Asking what if – change the frame for new ideas

Oliver Broadbent climbs through a picture frame to illustrate the concept of asking what if

Asking what if. It’s my go-to technique for stimulating rapid idea generation in groups. In this post, the latest in my series on creative thinking tools for projects, I am sharing another tool for Turning the Kalideascope. In other words, mixing up what we know about a project to help find new ideas. In this post I explain the thinking and then I share a method for facilitating this approach in groups.

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Use your Professional Palette

Picture shows Oliver Broadbent pretending to paint the camera from which he is being photographed. Used to illustrate the concept of using the professional palette

We move now in my series of posts on tools for creative thinking from gathering inputs to stimulating new connections. This is what I call ‘Turning the Kalideacope‘. The first technique is called ‘Use your Professional Palette’, and it builds on a technique for Filling the Kalideascope we discussed yesterday. It also provides a bridge from gathering inputs to processing them. First, let’s talk about the pre-requisites.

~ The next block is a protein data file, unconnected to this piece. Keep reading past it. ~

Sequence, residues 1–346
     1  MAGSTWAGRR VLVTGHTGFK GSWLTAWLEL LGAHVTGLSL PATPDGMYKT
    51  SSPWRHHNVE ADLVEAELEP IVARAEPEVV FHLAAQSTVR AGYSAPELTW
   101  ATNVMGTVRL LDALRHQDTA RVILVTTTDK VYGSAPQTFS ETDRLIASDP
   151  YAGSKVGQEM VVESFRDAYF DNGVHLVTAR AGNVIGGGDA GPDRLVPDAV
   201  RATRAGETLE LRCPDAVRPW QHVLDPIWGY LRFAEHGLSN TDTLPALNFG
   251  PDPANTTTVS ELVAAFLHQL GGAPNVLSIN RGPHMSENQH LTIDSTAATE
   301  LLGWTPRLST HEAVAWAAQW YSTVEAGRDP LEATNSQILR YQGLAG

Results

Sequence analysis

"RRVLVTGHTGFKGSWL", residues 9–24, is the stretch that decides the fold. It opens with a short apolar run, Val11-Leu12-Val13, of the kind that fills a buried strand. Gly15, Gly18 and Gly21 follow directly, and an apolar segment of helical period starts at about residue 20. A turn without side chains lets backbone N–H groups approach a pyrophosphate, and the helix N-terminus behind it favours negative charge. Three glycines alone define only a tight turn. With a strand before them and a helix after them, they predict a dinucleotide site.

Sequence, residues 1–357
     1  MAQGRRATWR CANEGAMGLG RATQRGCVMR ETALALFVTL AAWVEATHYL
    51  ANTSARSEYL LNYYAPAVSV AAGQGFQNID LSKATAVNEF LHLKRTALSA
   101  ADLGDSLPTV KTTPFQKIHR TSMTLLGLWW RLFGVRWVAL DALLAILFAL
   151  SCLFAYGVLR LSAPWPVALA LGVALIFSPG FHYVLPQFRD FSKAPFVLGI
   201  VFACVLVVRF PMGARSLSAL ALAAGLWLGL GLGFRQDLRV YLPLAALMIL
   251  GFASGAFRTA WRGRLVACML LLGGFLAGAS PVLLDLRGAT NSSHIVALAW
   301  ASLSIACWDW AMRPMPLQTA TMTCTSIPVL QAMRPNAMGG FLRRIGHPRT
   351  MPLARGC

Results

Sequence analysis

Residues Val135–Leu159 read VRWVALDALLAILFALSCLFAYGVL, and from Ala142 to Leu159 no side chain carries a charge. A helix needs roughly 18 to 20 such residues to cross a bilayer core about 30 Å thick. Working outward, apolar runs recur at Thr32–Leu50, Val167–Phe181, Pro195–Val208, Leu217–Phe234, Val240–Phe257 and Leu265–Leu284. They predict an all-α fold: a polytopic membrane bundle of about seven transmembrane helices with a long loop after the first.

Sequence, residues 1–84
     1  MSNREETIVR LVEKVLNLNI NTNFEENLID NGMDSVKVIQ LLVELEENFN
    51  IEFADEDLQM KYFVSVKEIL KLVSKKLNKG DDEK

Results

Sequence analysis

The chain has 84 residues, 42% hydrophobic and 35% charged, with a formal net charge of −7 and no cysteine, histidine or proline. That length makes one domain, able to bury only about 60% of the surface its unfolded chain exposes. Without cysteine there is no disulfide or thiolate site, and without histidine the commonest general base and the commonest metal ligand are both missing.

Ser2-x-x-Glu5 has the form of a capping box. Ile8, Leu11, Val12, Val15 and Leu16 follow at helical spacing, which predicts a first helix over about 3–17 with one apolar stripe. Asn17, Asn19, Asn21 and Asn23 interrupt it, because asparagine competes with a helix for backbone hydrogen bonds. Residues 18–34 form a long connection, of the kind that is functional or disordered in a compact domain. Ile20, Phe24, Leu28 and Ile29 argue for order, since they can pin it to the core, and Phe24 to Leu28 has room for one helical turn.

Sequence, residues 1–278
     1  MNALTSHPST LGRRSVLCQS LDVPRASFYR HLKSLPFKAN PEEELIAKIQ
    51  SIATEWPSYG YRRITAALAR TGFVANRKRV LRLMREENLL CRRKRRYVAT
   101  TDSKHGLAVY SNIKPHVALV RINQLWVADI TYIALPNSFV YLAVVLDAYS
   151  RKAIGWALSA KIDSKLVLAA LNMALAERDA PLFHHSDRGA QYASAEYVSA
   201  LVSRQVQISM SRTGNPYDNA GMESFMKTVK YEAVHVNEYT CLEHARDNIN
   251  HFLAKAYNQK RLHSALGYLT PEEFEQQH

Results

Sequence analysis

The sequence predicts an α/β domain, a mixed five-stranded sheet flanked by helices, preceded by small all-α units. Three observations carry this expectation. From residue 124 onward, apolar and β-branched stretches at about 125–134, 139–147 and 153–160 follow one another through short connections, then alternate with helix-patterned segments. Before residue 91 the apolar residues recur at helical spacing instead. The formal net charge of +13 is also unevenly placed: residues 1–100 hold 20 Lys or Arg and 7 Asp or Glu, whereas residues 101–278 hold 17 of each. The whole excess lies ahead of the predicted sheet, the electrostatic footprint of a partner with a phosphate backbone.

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What’s the least effective thing I can do to tackle the climate crisis?

I am grateful to the participant in this morning’s climate coaching call who reminded me of the power of asking the opposite question to the one you are trying to answer. Instead of asking what’s the most effective thing he could to tackle the climate crisis, he asked what’s the least he could do. Sometimes it is much easier to define what we shouldn’t be doing than what we should. But from this point of opposition we can get some clues about what we should in fact be doing.

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